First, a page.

characterized by or pertaining to emotion: the emotive and rational capacities of humankind.
productive of or directed toward the emotions: Artistic distortion is often an emotive use of form.

Origin of emotive

First recorded in 1725–35; emot(ion) + -ive
Related formse·mo·tive·ly, adverbe·mo·tive·ness, e·mo·tiv·i·ty [ee-moh-tiv-i-tee, ih-moh-] /ˌi moʊˈtɪv ɪ ti, ɪ moʊ-/, nounhy·per·e·mo·tive, adjectivehy·per·e·mo·tive·ly, adverbhy·per·e·mo·tive·ness, nounhy·per·e·mo·tiv·i·ty, nounnon·e·mo·tive, adjectivenon·e·mo·tive·ly, adverbnon·e·mo·tive·ness, nounun·e·mo·tive, adjectiveun·e·mo·tive·ly, adverbun·e·mo·tive·ness, noun
Dictionary.com Unabridged Based on the Random House Unabridged Dictionary, © Random House, Inc. 2019

Examples from the Web for emotive

Contemporary Examples of emotive

Historical Examples of emotive

  • Grimly they pursued the way, automaton-like, unresponsive now to horror or any emotive.

    The Beginning

    Henry Hasse

  • Yet he has an emotive temperament—a glance at his sympathetic eyes will prove it.


    James Huneker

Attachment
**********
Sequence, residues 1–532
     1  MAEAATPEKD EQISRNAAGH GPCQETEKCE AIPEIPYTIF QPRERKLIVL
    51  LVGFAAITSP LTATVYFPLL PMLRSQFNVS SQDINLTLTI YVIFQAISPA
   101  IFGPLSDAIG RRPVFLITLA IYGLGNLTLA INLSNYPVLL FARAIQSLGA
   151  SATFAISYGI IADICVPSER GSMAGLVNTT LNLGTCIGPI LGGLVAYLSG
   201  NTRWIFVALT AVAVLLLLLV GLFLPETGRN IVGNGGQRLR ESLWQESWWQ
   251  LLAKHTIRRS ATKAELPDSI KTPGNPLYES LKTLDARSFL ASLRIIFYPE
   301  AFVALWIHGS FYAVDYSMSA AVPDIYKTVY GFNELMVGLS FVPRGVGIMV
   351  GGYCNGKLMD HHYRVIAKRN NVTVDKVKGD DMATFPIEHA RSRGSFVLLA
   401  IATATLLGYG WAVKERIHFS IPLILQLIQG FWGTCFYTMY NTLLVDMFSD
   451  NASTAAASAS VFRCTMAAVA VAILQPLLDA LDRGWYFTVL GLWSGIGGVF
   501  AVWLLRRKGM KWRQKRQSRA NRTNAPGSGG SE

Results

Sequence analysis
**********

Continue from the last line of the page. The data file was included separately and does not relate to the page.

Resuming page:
• Employ the emotive tone to convey ideas of your truthfulness and honor.

    Certain Success

    Norval A. Hawkins

  • Now my life was like a garden in the emotive torpor of spring; now my life was like a flower conscious of the light.

  • It is an emotive manifestation that stirs one's whole nature and vitalizes every part of the body.

    Vitality Supreme

    Bernarr Macfadden

British Dictionary definitions for emotive



tending or designed to arouse emotion
of or characterized by emotion
Derived Formsemotively, adverbemotiveness or emotivity, noun


Emotional is preferred to emotive when describing a display of emotion: he was given an emotional (not emotive) welcome
Collins English Dictionary - Complete & Unabridged 2012 Digital Edition © William Collins Sons & Co. Ltd. 1979, 1986 © HarperCollins Publishers 1998, 2000, 2003, 2005, 2006, 2007, 2009, 2012

Word Origin and History for emotive

1735, "causing movement," from Latin emot-, past participle stem of emovere (see emotion) + -ive. Meaning "capable of emotion" is from 1881; that of "evoking emotions" is from 1923, originally in literary criticism.

Online Etymology Dictionary, © 2010 Douglas Harper